FIG. 5B illustrates an embodiment of system 100 described in conjunction with FIG. 1A, which includes a missile tracking and alert system. In the illustrated embodiment, controller 110 receives tracking data of missile 106 from missile warning sensors 302 (FIG. 3), calculates the point of origin of the launch of missile 106 (also the location where terrorist 104 launched missile 106) and calculates the point of impact of missile 106. In a particular embodiment, controller 110 triangulates missile tracking data received from turrets 304 to calculate the points of impact and origin of missile 106. Controller 110 then alerts security units 504 of the calculated point of origin of missile 106 so that security unit 504 can take any suitable action, such as investigating the calculated point of origin, as well as any suitable adjoining region, for the presence of terrorist 104. Any suitable security unit 504 may be alerted, such as one or more of the following: airport security, police, armed forces, and/or federal agencies. Controller 110 may also alert a response unit 506 of the calculated point of impact of missile 106 so that response unit 506 may take any suitable action, such as disarming the warhead if it is determined the missile did not explode, containing and/or suppressing any fires the impact missile 106 may have caused, assessing damage created by the impact of missile 106, and/or providing emergency medical services to individuals that may have suffered any injury due to missile 106 impacting the point of impact. Any suitable response unit 506 may be alerted, such as one or more of the following: fire department, medical alert, and/or bomb squad. Other suitable entities may also be notified by controller 100, such as a hospital. Upon declaration of missile 106 launch, system 100 may give specific instructions to all aircraft 102, both in the air and on the ground, to proceed to predetermined positions until the airfield and air space are secure.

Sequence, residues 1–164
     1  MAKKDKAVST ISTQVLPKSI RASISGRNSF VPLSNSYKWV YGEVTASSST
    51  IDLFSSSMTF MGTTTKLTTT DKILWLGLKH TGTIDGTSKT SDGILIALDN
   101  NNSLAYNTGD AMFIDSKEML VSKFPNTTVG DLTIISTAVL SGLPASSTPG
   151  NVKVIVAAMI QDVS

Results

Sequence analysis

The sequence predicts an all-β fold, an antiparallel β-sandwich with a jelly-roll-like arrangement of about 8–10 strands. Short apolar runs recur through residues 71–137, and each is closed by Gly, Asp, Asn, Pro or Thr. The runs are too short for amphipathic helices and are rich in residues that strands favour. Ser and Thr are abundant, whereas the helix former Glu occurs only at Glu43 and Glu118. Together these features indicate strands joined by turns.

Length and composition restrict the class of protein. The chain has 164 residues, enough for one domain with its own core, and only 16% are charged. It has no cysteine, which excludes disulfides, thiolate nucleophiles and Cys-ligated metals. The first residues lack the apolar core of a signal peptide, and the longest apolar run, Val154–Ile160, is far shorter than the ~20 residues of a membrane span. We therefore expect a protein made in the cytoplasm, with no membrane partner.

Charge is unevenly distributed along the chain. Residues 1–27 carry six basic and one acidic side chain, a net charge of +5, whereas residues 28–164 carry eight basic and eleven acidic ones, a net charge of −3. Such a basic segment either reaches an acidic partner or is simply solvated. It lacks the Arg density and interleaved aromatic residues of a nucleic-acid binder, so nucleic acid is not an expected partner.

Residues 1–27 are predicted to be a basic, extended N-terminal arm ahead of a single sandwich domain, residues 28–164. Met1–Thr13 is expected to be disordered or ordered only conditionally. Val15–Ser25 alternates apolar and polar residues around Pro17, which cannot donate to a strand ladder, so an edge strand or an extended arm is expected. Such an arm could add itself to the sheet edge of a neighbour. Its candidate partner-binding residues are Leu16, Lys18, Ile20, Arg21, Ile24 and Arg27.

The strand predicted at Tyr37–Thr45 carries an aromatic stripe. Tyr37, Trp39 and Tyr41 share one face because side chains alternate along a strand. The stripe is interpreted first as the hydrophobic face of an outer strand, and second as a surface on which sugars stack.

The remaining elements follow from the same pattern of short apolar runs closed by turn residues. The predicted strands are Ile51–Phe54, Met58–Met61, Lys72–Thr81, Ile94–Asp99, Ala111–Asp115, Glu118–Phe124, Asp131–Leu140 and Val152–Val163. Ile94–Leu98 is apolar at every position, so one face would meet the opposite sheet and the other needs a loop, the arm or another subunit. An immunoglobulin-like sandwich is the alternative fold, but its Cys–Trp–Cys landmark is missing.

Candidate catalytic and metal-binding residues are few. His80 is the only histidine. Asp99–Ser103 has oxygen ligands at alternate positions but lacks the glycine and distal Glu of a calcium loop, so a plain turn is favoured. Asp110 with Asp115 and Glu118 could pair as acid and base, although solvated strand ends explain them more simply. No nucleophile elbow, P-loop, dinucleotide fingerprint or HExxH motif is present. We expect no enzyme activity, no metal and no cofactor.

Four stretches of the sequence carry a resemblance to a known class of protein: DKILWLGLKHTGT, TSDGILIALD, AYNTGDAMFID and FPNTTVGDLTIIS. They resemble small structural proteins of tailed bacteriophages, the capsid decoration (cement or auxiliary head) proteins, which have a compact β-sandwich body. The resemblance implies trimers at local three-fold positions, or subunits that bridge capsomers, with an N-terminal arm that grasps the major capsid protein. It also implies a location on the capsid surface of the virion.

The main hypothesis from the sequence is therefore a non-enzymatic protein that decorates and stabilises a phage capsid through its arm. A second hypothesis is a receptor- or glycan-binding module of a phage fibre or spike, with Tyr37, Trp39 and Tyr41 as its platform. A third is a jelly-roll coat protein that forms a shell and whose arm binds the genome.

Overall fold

FIGS. 6A and 6B are flow diagrams illustrating an example method of alerting, and tracking, respectively, a missile launch towards an aircraft. With reference to FIGS. 1A and 1B, after terrorist 104 launches missile 106 at aircraft 102, as denoted by step 602, missile warning sensors 302 (FIG. 3) detect the launch and inform controller 110, as denoted by steps 604 and 606, respectively. At this point, controller 110 tracks missile 106, as described in further detail below.